How do we support educator wellbeing?

A look into Trauma Informed Reflective Supervision

In a typical school year, our emotional capacity as educators and school administrators often feels stretched thin. We give so much and anticipate the needs of others so frequently that the focus on our own wellbeing can be overlooked. Then came 2020, a year where we are all facing varying levels of adversity and trauma, and we realize our emotional capacity as educators and administrators is the foundation to a safe and stable school environment.

Human connection and communication build our emotional resilience and lead to a deeper understanding of the world around us. For professionals that deal day in and day out with vicarious trauma, space for reflection and connection can be downright essential but how do we access this? Lunchrooms are unstructured and can often be a space where people vent more than reflect. Facebook groups offer community but lack confidentiality and deeper connection. In a time of physical distancing, we have to put in more thought and effort to maintain supportive social ties. After witnessing high rates of turnover of educators and administrators at the schools I worked at, I developed a model for building emotional resilience called Trauma Informed Reflective Supervision. It is a structured space for professionals to discuss experiences, thoughts, and feelings directly connected with the work we do. This model of professional peer support reduces burnout and helps professionals build emotional resilience. How can you change without reflecting? How do we listen to each other in a way that promotes growth and healing?

Trauma Informed Reflective Supervision, defined.

TI Reflective Supervision groups create a safe place for people to honestly discuss their work and the impact that it has on them in order to build resilience, implement strategies, address bias and foster happiness at work. We’ve found that receiving empathy from peers increases your own emotional capacity, so you can be there for others. Reflective Supervision is a research based technique that has shown to increase skills while reducing isolation and staff turnover. These sessions are recommended for educators of all backgrounds — whether you’re a teacher, a principal, an administrator or a counselor — we offer small groups often related to your unique role. You will meet with a small group of educators from around the country each month for a 2 hour facilitated session. Participants who have invested in their own wellbeing have seen the results ripple throughout their professional and personal lives.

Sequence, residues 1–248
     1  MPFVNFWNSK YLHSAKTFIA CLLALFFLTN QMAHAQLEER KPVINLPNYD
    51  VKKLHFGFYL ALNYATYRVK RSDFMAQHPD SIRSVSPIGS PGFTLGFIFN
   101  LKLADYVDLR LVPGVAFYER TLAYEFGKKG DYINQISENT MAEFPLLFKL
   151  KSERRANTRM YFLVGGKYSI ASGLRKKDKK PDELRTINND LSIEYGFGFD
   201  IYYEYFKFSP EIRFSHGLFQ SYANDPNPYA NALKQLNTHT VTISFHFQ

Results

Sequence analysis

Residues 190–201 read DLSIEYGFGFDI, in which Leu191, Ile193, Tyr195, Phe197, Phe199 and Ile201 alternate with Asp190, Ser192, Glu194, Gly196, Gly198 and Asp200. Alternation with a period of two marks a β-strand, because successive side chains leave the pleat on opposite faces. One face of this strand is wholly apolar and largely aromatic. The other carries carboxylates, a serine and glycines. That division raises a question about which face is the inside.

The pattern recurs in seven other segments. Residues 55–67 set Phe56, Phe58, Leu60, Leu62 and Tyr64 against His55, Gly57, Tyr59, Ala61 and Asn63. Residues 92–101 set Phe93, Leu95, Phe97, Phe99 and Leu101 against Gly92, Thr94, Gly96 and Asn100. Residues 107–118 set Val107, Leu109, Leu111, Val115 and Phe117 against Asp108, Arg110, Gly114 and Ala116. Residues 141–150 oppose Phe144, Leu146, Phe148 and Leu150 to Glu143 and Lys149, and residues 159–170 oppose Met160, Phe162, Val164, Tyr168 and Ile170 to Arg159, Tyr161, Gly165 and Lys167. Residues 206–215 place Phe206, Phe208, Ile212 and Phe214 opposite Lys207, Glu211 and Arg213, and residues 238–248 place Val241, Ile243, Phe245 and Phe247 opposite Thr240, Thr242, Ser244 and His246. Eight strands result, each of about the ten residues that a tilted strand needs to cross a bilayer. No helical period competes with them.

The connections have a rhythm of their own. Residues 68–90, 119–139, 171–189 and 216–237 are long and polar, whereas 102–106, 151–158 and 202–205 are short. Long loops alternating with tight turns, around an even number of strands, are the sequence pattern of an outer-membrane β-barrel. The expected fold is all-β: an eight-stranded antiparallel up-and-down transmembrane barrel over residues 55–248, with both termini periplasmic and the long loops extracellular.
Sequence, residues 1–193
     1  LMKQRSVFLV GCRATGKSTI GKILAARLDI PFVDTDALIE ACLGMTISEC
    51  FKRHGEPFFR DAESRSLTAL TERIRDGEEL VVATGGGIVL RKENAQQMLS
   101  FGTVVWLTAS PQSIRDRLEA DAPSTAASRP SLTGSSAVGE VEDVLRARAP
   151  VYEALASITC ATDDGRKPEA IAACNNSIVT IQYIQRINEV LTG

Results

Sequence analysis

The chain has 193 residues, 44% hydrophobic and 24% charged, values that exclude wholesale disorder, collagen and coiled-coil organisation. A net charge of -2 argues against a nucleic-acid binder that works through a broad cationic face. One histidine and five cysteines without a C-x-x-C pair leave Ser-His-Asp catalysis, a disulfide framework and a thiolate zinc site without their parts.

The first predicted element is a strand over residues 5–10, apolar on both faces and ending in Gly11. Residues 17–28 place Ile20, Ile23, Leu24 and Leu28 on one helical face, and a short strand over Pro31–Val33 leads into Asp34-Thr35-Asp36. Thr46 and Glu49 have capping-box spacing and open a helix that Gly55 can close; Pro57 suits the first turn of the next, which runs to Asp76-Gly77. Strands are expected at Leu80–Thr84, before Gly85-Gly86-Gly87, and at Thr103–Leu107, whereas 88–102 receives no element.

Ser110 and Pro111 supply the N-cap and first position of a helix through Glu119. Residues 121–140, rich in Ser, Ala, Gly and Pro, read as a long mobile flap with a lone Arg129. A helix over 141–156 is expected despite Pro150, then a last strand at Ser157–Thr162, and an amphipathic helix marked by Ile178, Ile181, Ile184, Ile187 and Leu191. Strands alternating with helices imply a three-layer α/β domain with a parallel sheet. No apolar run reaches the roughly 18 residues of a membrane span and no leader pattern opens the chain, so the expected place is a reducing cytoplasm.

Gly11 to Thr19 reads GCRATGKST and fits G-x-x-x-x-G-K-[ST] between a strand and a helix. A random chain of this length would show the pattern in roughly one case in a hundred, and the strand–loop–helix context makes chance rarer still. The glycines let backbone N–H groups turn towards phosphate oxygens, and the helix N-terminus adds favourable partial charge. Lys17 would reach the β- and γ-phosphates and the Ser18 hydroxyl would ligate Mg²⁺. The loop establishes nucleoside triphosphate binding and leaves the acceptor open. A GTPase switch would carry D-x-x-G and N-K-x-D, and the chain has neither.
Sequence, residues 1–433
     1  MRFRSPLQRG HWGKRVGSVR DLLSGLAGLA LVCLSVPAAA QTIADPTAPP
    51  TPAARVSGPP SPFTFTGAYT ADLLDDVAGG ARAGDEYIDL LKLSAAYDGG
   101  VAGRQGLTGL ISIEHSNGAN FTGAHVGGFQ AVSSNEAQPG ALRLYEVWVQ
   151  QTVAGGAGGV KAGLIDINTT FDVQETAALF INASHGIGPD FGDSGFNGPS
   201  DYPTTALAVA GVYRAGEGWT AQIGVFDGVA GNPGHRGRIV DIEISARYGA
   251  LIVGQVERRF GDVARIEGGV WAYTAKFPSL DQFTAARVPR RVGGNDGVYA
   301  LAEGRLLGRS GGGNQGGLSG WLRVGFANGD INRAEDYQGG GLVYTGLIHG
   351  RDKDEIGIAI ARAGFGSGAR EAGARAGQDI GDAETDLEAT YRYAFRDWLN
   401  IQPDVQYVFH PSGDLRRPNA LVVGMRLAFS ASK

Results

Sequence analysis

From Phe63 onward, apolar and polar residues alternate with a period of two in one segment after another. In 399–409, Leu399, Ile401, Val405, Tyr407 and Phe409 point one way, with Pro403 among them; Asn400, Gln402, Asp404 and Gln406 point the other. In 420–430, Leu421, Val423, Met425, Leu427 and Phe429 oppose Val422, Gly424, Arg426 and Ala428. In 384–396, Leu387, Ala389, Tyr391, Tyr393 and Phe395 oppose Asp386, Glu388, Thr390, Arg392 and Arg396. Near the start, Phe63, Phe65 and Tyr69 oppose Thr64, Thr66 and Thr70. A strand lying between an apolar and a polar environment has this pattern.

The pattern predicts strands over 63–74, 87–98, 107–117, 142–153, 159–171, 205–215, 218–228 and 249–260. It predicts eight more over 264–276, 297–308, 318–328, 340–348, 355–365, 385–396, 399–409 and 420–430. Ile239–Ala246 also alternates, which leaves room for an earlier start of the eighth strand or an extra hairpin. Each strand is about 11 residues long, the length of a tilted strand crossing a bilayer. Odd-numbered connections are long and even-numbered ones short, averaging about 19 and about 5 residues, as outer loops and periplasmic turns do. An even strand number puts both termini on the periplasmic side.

“[Trauma Informed Reflective Supervision] should be mandatory for any site administrator. It helped me grapple with the demands (trauma) of being a principal and opened a pathway for me to begin to heal” — Principal Michael Essien

“It is helpful to me personally, as well as professionally. I plan to share what I am learning with staff, as we have a high population of students with trauma in their lives. I also now understand the importance of self-care to avoid burnout.” — Annie Flores-Aikey, Principal, Carquinez, Ca and graduate of the TIE program

How it Works

By delivering these Reflective Supervision sessions online, we remove several barriers to accessing services as well as allow our professionals to be in a setting where they are understood but also have anonymity for themselves and their students.

Throughout supervision and coaching, participants will analyze how one’s practices fit into the 6 Principles of Trauma Informed Care: safety, trustworthiness, transparency, collaboration, empowerment, historical/cultural/gender issues. These principles will be referenced to develop solutions to cases and challenges that he or she is sharing.

Creating a structured space to discuss complex emotions and challenges allows educators to feel heard and relieves stress. It also allows the staff person to experience the very sort of relationship that they are expected to provide for students and families in schools.

Here’s what a typical session looks like…

  • What have I accomplished? Sharing small wins
  • Where am I at? Collective Wellbeing assessment and discussion
  • What is happening? Time for Reflection/ Active Listening
  • What do I need? Mindfulness practice

We get it, it’s hard to ask for help and even harder to recognize when you need it. But by building up your own emotional capacity, you will have the skills and energy to foster growing relationships both in and out of work. This coaching technique teaches educators the benefits of listening and being heard by others, which makes one smarter and more compassionate, benefiting and improving all aspects of one’s life — relationships, career, and well-being.

To learn more about Trauma Informed Reflective Supervision or to sign up visit us at, graduate credits and Professional Development Units are available.

Ed Psych/Educator/Entrepreneur/Mom to a rad daughter. #TraumaInformed founder fighting for a more compassionate, equitable, and innovative world.

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